1. Designate a Primary Contact: Assign one person in your team, preferably the office manager if you have one, as a consistent point of contact for addressing patient complaints.
  2. Inform Staff: Ensure that all staff members are aware of whom to direct complaints to and what types of issues warrant attention or intervention. This includes written or verbal complaints regarding medical care, billing concerns related to clinical care, and complaints from third-party payers or regulatory bodies.
  3. Effective Communication: You must effectively communicate when addressing patient complaints. Listen carefully and express genuine concern for the patient’s well-being. Always refrain from jumping in with a defense, but actively listen to the patient, ask questions when necessary and feed a summary of their complaints back to them, so they feel you have understood them. Avoid making judgmental comments about patients, families, staff, or other providers.
  4. Thorough Investigation: Investigate all complaints thoroughly and follow up as necessary. Document your conversations with patients in their medical records, quoting their concerns when appropriate.
  5. Concise Responses: Keep responses to complaints concise and straightforward. Retain a copy of the written response in the patient’s medical record.
  6. Involvement of Providers: When complaints involve clinical issues or are complex, involve physicians or other providers in addressing the situation.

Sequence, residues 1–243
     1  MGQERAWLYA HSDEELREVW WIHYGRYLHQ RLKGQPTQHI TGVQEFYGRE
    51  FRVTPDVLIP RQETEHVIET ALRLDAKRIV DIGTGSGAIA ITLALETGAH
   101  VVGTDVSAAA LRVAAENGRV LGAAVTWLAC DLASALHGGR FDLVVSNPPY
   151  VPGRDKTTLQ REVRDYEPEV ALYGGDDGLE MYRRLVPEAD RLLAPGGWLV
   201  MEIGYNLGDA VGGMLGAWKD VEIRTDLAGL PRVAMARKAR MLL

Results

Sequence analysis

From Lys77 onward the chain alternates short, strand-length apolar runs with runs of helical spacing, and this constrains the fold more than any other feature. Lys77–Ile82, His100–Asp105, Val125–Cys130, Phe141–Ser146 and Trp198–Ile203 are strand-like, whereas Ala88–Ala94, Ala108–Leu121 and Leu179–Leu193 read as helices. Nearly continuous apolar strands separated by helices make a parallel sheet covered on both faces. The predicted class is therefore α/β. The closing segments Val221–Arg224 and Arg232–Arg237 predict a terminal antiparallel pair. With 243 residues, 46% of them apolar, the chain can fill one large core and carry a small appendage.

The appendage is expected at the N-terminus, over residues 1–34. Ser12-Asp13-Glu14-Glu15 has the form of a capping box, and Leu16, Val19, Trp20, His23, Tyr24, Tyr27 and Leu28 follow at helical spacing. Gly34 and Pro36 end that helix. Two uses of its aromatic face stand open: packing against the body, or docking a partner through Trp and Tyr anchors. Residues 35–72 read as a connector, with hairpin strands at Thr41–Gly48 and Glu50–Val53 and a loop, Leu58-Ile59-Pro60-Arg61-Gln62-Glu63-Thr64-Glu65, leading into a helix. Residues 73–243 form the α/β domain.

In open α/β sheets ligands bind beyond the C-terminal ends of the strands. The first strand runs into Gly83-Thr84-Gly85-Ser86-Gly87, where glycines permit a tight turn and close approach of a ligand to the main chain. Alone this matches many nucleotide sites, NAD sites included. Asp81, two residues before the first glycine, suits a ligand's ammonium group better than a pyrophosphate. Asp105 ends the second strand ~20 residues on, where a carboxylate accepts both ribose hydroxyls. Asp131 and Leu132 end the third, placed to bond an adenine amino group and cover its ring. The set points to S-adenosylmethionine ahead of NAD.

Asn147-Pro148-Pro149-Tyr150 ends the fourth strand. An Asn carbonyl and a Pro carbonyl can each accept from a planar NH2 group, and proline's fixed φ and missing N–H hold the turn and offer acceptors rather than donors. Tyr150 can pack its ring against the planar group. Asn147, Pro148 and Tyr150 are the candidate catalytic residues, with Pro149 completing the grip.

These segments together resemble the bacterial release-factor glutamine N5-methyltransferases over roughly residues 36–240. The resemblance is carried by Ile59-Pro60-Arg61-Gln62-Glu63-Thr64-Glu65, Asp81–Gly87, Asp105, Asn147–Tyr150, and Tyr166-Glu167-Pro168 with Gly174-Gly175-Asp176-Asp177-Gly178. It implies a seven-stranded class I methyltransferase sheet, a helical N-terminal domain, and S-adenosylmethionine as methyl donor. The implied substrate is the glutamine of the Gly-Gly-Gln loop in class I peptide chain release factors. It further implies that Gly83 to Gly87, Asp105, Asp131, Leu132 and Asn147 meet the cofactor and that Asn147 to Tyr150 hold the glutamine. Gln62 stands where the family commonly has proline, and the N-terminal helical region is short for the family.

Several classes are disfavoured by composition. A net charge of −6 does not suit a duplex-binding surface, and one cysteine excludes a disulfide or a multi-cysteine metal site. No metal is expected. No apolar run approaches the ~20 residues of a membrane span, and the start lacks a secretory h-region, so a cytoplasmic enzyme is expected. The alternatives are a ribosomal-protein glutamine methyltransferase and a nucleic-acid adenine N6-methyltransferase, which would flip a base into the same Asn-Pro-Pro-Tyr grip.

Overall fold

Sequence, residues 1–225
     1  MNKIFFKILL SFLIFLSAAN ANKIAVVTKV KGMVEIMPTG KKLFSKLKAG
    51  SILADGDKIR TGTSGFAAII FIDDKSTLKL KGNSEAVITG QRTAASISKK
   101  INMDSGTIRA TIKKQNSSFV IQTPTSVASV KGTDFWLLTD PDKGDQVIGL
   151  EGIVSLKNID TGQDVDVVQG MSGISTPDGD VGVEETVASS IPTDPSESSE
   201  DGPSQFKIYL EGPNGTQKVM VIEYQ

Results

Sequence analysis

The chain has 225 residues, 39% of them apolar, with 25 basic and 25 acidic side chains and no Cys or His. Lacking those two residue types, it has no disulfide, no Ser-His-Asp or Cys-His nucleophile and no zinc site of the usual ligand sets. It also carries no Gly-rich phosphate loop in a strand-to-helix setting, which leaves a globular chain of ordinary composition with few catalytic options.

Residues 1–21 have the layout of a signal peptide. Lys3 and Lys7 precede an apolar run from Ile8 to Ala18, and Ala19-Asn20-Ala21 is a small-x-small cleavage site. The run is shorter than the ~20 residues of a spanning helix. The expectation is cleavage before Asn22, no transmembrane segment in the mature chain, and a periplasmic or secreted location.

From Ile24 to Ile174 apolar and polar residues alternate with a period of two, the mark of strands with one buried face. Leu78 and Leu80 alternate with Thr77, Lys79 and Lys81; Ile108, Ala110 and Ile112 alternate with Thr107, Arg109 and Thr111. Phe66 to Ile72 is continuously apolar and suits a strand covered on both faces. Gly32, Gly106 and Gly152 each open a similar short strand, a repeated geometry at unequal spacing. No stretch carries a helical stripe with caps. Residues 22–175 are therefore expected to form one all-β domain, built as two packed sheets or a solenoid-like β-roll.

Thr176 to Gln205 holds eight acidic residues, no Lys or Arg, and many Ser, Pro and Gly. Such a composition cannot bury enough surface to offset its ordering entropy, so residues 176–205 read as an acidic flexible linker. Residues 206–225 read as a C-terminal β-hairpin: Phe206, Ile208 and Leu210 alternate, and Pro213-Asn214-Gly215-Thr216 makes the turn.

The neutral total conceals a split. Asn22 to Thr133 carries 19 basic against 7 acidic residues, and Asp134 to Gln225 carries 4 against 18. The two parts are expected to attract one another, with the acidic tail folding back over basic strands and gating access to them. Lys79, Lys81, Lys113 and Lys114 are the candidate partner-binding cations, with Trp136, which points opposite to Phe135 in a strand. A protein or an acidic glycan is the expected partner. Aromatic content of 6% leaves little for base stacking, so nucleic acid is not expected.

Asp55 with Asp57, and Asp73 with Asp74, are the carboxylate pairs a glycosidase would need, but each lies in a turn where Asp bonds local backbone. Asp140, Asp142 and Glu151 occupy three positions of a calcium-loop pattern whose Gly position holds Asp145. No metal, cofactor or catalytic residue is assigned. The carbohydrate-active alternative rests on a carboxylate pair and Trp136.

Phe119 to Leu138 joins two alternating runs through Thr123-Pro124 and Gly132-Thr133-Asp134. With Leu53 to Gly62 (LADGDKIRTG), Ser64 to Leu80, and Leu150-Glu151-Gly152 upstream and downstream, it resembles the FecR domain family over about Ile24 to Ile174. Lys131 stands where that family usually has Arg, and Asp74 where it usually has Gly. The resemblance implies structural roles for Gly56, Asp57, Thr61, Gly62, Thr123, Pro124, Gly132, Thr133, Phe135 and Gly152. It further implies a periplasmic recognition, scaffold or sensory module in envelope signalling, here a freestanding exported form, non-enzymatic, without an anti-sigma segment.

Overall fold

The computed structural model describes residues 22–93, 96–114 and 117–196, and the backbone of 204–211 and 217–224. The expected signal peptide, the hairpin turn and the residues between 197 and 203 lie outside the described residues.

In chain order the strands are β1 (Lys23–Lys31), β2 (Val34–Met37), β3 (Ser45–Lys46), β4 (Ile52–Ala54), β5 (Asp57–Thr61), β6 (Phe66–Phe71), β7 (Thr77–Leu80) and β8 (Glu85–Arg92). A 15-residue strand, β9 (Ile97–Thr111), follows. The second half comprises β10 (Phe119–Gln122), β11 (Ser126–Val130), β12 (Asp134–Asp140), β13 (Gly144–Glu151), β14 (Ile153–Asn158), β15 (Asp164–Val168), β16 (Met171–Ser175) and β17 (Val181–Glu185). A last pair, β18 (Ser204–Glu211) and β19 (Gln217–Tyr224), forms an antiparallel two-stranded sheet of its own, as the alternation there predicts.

7. Review of Medical Records: Take note of requests for records from attorneys, as they may indicate patient dissatisfaction. Review the patient’s medical record alongside these requests to assess the potential of exposure to malpractice claims.
  8. Seek Guidance: Seek guidance from experts or professional organizations when faced with unusual or challenging situations. Your insurance broker or provider can provide assistance with handling complaints, crafting responses, and evaluating potential malpractice risks.
  9. Confidentiality: Never document any contact with your broker or attorney in the patient’s medical record. Confidentiality is crucial in all interactions related to complaints and legal matters.

additional resources

For further reading on risk management for physicians, try these resources: